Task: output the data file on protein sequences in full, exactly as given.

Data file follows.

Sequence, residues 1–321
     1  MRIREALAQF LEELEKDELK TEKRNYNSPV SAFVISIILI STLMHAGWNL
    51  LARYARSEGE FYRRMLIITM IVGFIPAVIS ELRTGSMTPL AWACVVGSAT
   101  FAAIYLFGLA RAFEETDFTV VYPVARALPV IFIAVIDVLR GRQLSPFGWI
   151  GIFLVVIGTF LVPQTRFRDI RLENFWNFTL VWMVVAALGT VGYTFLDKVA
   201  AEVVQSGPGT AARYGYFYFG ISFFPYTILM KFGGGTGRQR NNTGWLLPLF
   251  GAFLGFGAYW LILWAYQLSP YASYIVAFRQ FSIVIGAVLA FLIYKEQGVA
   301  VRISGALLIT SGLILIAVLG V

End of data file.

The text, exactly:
Sequence, residues 1–321
     1  MRIREALAQF LEELEKDELK TEKRNYNSPV SAFVISIILI STLMHAGWNL
    51  LARYARSEGE FYRRMLIITM IVGFIPAVIS ELRTGSMTPL AWACVVGSAT
   101  FAAIYLFGLA RAFEETDFTV VYPVARALPV IFIAVIDVLR GRQLSPFGWI
   151  GIFLVVIGTF LVPQTRFRDI RLENFWNFTL VWMVVAALGT VGYTFLDKVA
   201  AEVVQSGPGT AARYGYFYFG ISFFPYTILM KFGGGTGRQR NNTGWLLPLF
   251  GAFLGFGAYW LILWAYQLSP YASYIVAFRQ FSIVIGAVLA FLIYKEQGVA
   301  VRISGALLIT SGLILIAVLG V